Food Lover's Guide to the UK and Paris - Part II

Eating our way through the cities and countryside of the UK and Paris, we found a lot of well-known establishments whose food was superb. But we also found many, sometimes lesser known, foodie delights, which is the focus of this posting...the Honorable Mentions. If you want to read about "The Best of the Best", click here to read Part I.


Cafe de Flore: This iconic Paris cafe was the meeting place of such notables as Hemmingway and Picasso back in the day. It is still a bustling cafe where the French (and tourists) flock for the excellent food and attentive service.

Conveniently located about two blocks from our Paris apartment rental, it made a great place to grab breakfast on one morning of our journey.

We ordered a simple breakfast of croissants (which were delivered under a domed tray) with butter and jam, one cup of coffee, two cups of hot chocolate, and a carafe of water. A very simple breakfast, right? This is a photo of our table at the end of the meal. Yes, we had to count. Our simple breakfast required 24 dishes and 8 pieces of cutlery! One more reason to adore Paris is the great attention given to dining matter how simple the meal. Love it! (I just don't think I'd want to be a dishwasher in France.)

Versailles (picnic): After eating our (above) breakfast, we took the train to Versailles for the day. After exiting the train station, we turned left and walk a couple of blocks to Aux Pains de la Ferme (which, unfortunately, does not have a website), where we purchased a baguette for a picnic. And almost directly across from it was a small market, where we gathered other essentials: clementines, a delicious salad of couscous and chicken, a wheel of Camembert, and bottles of water. 

Picnicking in the gardens of Versailles is allowed. However, the first time visitor should be aware that the line to get through security can be very long (we estimate there were about 800+ people in it with us) and can take a long time (2 hours in our case), so your food may get warm and your people may get very hungry. And once you're through security, you must tour the palace before you can access the garden. But it is worth the wait! You can even picnic next to Bacchus, the god of wine.

Versailles (sorbet): One of our best, serendipitous food finds on our trip was the charming sorbet truck that is located on the shores of the Grand Canal in the gardens of Versailles. 

Colette and I chose raspberry and pear. The owner of the truck assured us that those were two of the best flavors. The pear (which I chose) was refreshing and light. But the raspberry (Colette's choice) was nothing short of eating soft, frozen raspberries themselves!


Said: Down a quiet street in the Soho area of London, just a short jaunt from shopping on Regent Street or at Liberty of London, is the bakery called Said. This intimate gathering place boasts fine baked goods and some of the best hot chocolate in the city. If you ask for it "deluxe" (I believe), they will swirl your cup in three types of melted chocolate before filling it with hot chocolate. Not easy to drink, but ohhhh so good!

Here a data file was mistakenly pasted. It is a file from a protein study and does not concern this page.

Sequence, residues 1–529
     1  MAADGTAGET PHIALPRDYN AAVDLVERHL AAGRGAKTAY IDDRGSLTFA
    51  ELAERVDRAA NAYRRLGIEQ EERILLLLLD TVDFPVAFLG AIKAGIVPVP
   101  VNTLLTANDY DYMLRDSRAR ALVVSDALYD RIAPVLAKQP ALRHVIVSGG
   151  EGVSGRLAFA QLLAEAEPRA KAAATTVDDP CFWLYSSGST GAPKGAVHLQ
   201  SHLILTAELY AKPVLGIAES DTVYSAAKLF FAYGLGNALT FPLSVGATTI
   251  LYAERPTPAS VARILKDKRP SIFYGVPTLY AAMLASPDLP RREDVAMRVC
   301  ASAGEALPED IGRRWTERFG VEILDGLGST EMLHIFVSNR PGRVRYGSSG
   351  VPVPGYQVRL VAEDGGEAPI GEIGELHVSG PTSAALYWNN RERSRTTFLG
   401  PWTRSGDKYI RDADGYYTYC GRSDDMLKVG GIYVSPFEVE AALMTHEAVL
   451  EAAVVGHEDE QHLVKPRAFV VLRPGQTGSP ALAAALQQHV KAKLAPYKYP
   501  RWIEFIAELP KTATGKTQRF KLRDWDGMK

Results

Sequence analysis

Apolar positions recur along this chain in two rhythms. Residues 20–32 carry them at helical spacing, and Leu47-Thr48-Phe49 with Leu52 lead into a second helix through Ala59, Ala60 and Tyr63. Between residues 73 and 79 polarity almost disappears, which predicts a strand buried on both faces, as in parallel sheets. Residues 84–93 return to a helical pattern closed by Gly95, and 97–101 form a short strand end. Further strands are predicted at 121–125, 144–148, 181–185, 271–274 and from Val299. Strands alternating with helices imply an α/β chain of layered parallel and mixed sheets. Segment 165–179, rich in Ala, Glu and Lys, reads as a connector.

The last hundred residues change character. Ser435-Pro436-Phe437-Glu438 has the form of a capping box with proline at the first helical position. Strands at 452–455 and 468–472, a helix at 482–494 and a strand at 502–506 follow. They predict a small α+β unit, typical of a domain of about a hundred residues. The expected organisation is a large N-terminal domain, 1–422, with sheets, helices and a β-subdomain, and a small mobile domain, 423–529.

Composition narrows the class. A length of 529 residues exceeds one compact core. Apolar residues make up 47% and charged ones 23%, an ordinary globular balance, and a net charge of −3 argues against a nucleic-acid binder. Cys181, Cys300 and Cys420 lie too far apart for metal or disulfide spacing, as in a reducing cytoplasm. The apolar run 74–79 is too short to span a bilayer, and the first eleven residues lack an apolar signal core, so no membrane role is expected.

Pain au Quotidien: Although most of my recommendations are for smaller establishments, I wouldn't want you to miss out on the chain, Pain au Quotidien, which is a French boulangerie. You can find them in France, England, and several locations in the U.S. (We always visit the one in Pasadena, CA when we are out west.) They are great places to grab a bit of mid-afternoon refreshment or an excellent breakfast. This is my breakfast at the Pain au Quotidien in the St. Pancras International Station in London. A thing of beauty! This is my "ideal" breakfast...I could eat it every morning. Bliss!


The Printing Press Bar & Kitchen: Just a short jaunt off the Royal Mile, in Edinburgh, is The Printing Press Bar & Kitchen. Its casual elegance made us feel right at home. Hubby ordered a beer, and Colette and I enjoyed trying their non-alcoholic drinks before our meal. She got the Peach Cooler (peach puree, lemon, vanilla sugar, and lemonade) and I ordered the Toffee Apple (apple juice, caramel syrup, lime, and mint). Colette and I ordered the gnocchi for lunch (delicious) and Hubby had the chicken pie, which he has declared to be his favorite meal of the entire trip! Bonus points for the charming pie bird!

Cotswolds and the Countryside

Sally Lunn's: In Bath, is the famous Sally Lunn's Historic Eating House & Museum. It is housed in Bath's oldest house (c. 1482) and Sally Lunn was baking and serving her famous buns there in the late 17th century. Expect a queue out the door to get in to try the famous Sally Lunn bun, a soft, semi-sweet bun.

Colette ordered the tea, which came with a bun. And I ordered 1/2 a bun served open-faced with roasted vegetables and cheese. Both were delicious. And this is no dainty bun. It's as big as your face! And be sure to check out their website for the "Bun Etiquette"! I am not making this up!

The Yew Tree: If you happen to be in the vicinity of Highclere Castle, a most excellent stop for lunch is the Yew Tree pub. It's a blending of a pub and restaurant, as your order will be taken at your table vs the bar. The food was hearty and delicious. And the atmosphere is best described as historic British countryside with a modern twist. The leather cushioned settees with wool tartan backs in most booths won my heart! And kuddos for having the best pub wallpaper in England!

Lagers/Ales/Beers: And last, but not least, Hubby would recommend that you try a brew with lunch and dinner. He enjoyed sampling them wherever we went. This one is from the Hawkshead Brewery (which we also toured).

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